John Quisel

Roche schiz­o­phre­nia drug that failed PhI­II gets a new life in rare dis­or­der as Or­biMed leads $90M for start­up

Un­til a few years ago, GlyT1, a glycine trans­porter, seemed like a promis­ing tar­get for an add-on ther­a­py to treat neg­a­tive symp­toms of schiz­o­phre­nia.

But sci­en­tists were thrust­ed back to the draw­ing board in 2014, when Roche re­port­ed that its GlyT1 in­hibitor, bitop­er­tin, had failed two Phase III tri­als. A few months lat­er, they scrapped the pro­gram al­to­geth­er.

The drug sat on the shelves for sev­en years. Then Disc Med­i­cine came along.

The biotech, which had li­censed bitop­er­tin from Roche in a $200 mil­lion deal with an undis­closed up­front, has now nabbed $90 mil­lion in Se­ries B cash to take the drug in a com­plete­ly dif­fer­ent di­rec­tion: rare ge­net­ic dis­or­ders known as ery­thro­poi­et­ic por­phyr­ias.

Will Sav­age

Disc Med­i­cine had a lead pro­gram on its own: DISC-0974, an ane­mia drug that works by con­trol­ling iron me­tab­o­lism and is al­ready in the clin­ic. The hema­tol­ogy-fo­cused com­pa­ny, though, had been re­search­ing oth­er ways to treat dis­eases by go­ing af­ter “fun­da­men­tal com­po­nents” of path­ways re­lat­ed to red blood cells, said CEO John Quisel, so as to ful­ly take ad­van­tage of the ex­pert net­work and ca­pa­bil­i­ties it’s built.

One of those path­ways is heme syn­the­sis. In ery­thro­poi­et­ic por­phyr­ias, a buildup of por­phyrins lead to tox­ic re­ac­tions to sun­light — 30 min­utes un­der the sun could cause se­vere pain and a burn­ing sen­sa­tion.

Across a se­ries of cel­lu­lar and mouse ex­per­i­ments, re­searchers found that tar­get­ing a heme metabo­lite called pro­to­por­phyrin IX could fix the de­fect that re­sults in por­phyrin ac­cu­mu­la­tion.

Be­cause Roche had been look­ing at glycine con­trol as a way to treat schiz­o­phre­nia pa­tients, in­ves­ti­ga­tors had mea­sured those met­rics and showed that’s ex­act­ly what the drug did in pa­tients — even though they were “hema­to­log­i­cal­ly nor­mal.” Clin­i­cal da­ta from thou­sands of pa­tients al­so sug­gest a clean safe­ty pro­file.

While a host of GlyT1 in­hibitors had been cre­at­ed, many had failed in ear­li­er stages for safe­ty or oth­er rea­sons. Roche of­fered the best mol­e­cule with a sol­id clin­i­cal pack­age.

“It’s very rare to be able to move in­to a Phase II pro­gram with this kind of in­for­ma­tion al­ready es­tab­lished by Roche,” Quisel said.

“The task left for us at Disc is to demon­strate how much we are ad­dress­ing the un­met need in EPP pa­tients,” added Will Sav­age, who was pro­mot­ed to CMO last week as part of a quar­tet of lead­er­ship changes.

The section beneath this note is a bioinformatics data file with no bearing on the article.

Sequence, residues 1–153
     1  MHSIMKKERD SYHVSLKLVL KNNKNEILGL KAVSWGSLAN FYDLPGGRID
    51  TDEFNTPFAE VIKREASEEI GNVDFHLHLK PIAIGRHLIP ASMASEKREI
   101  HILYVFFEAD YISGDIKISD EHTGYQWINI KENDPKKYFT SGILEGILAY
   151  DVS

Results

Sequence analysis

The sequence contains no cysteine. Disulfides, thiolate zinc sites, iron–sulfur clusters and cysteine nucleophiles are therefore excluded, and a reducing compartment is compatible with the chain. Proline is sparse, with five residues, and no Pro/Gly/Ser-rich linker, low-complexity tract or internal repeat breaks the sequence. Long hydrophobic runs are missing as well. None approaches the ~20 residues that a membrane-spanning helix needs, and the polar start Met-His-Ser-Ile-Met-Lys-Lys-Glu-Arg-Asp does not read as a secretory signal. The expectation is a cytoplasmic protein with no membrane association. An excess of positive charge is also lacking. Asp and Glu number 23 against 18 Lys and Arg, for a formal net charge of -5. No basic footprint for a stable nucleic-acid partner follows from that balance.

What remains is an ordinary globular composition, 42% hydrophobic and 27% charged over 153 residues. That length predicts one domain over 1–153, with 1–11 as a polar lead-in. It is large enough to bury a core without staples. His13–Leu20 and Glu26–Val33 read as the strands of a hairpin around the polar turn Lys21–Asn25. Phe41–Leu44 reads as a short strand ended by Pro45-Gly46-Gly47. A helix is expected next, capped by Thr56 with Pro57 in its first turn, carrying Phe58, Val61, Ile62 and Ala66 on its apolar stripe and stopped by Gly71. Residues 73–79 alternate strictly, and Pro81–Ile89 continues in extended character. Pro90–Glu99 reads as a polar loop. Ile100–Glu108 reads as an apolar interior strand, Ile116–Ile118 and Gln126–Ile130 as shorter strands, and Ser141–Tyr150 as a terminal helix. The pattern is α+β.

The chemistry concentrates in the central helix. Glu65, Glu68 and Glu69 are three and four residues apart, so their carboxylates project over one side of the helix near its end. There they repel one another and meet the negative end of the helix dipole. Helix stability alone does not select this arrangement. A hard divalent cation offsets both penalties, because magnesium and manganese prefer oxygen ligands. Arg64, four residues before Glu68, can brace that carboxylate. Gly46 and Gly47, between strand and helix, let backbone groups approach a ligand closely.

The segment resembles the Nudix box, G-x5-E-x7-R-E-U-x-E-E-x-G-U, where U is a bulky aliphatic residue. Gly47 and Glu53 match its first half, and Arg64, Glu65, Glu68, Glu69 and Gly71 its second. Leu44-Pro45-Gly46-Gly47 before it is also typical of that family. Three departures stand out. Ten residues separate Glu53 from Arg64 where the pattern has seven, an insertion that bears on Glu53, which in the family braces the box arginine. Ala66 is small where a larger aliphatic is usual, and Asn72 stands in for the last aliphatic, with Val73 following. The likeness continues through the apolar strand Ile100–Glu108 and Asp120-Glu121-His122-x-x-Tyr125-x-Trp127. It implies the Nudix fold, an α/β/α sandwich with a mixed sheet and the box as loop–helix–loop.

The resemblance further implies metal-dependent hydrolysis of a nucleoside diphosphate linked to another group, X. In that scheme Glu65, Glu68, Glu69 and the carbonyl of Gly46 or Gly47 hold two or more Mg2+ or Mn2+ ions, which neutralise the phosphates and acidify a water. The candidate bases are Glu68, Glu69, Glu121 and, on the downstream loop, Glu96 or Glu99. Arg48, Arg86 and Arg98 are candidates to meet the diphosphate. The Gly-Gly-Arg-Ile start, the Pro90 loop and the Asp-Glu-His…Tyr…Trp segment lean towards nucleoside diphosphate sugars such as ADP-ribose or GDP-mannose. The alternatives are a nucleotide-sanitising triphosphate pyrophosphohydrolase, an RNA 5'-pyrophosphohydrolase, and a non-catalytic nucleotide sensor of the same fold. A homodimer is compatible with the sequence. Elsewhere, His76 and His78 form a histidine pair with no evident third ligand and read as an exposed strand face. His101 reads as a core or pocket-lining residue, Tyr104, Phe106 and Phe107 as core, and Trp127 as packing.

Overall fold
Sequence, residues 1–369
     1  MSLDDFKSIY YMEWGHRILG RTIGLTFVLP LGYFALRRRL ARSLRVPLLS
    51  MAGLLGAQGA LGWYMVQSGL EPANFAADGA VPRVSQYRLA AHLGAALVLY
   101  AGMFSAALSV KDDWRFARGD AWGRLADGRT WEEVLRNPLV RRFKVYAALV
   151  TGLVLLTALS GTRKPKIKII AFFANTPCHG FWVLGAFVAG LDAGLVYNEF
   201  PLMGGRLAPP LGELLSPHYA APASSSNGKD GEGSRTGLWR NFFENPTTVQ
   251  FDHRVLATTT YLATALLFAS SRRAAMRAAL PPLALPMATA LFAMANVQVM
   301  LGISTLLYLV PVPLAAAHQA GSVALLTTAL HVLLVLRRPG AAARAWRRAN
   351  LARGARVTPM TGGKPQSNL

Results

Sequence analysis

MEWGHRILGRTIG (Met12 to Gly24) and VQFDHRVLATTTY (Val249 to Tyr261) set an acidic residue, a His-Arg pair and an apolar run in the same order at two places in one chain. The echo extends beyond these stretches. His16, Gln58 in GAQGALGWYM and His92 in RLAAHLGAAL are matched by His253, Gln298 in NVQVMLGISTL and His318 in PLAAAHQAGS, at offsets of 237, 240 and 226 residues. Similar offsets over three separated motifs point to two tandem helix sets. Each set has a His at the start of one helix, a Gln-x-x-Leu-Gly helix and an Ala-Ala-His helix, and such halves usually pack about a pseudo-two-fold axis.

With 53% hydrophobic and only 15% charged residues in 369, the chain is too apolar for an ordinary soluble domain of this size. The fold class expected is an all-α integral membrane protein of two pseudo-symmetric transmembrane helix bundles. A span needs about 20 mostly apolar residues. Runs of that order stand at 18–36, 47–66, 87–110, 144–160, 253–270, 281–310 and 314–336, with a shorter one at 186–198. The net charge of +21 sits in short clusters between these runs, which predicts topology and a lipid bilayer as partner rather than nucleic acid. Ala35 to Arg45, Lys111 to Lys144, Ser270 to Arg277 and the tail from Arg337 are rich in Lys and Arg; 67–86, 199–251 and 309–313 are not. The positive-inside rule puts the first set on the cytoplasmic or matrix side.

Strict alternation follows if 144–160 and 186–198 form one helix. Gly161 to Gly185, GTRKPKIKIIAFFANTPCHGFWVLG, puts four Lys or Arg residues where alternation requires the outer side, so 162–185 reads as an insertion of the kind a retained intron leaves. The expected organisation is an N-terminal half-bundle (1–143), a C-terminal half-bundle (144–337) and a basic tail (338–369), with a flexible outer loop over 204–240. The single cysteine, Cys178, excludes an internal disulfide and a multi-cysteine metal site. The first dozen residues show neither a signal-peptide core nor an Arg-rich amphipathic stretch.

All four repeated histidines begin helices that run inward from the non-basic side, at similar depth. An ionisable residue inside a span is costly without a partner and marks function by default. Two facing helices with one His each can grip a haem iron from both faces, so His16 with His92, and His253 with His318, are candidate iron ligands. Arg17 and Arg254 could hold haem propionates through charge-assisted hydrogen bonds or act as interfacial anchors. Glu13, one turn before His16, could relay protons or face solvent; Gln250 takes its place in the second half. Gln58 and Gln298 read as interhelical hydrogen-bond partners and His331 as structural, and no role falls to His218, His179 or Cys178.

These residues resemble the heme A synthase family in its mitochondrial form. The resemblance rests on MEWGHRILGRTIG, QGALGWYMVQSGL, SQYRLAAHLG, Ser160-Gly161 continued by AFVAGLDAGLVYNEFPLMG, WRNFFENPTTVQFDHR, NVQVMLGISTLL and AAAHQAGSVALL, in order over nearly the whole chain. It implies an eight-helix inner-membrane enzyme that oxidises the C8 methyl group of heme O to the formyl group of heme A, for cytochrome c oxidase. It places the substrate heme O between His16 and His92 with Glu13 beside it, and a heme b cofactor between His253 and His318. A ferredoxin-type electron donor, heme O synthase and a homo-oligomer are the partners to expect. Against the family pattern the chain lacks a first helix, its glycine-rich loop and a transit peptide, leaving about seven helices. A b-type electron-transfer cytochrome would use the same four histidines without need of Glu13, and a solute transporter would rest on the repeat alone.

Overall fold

With the new cash in­fu­sion, the team — now stand­ing at 20 — ex­pects to have mul­ti­ple Phase II tri­als for bitop­er­tin and DISC-0974 up and run­ning, then se­cure proof-of-con­cept da­ta in 2023. Then there are the ear­ly-stage dis­cov­ery pro­grams lin­ing be­hind.

Or­biMed led the new round, joined by new in­vestors Ar­ix Bio­science, Janus Hen­der­son In­vestors, 5AM Ven­tures, Rock Springs Cap­i­tal, Nan­ta­ha­la Cap­i­tal Man­age­ment, Wil­lett Ad­vi­sors, and Alexan­dria Ven­ture In­vest­ments. Ex­ist­ing back­ers, in­clud­ing At­las Ven­ture, No­vo Hold­ings and Ac­cess Biotech­nol­o­gy, al­so par­tic­i­pat­ed.

Has the mo­ment fi­nal­ly ar­rived for val­ue-based health­care?

RBC Capital Markets’ Healthcare Technology Analyst, Sean Dodge, spotlights a new breed of tech-enabled providers who are rapidly transforming the way clinicians deliver healthcare, and explores the key question: can this accelerating revolution overturn the US healthcare system?

Key points

Tech-enabled healthcare providers are poised to help the US transition to value, not volume, as the basis for reward.
The move to value-based care has policy momentum, but is risky and complex for clinicians.
Outsourced tech specialists are emerging to provide the required expertise, while healthcare and tech are also converging through M&A.
Value-based care remains in its early stages, but the transition is accelerating and represents a huge addressable market.

Andy Plump, Takeda R&D chief (Jeff Rumans for Endpoints News)

What kind of PhI­Ib da­ta is worth $4B cash? Take­da’s Andy Plump has some thoughts on that

A few months back, when Takeda caused jaws to drop with its eye-watering $4 billion cash upfront for a mid-stage TYK2 drug from Nimbus, it had already taken a deep dive on the solid Phase IIb data Nimbus had assembled from its dose-ranging study in psoriasis.

Now, it’s rolling that data out, eager to demonstrate what inspired the global biopharma to go long in a neighboring, but new, disease arena for the pipeline. And the most avid students of the numbers will likely be at Bristol Myers Squibb, who will have a multi-year head start on pioneering the TYK2 space with Sotyktu (deucravacitinib) as Takeda makes its lunge for best-in-class status.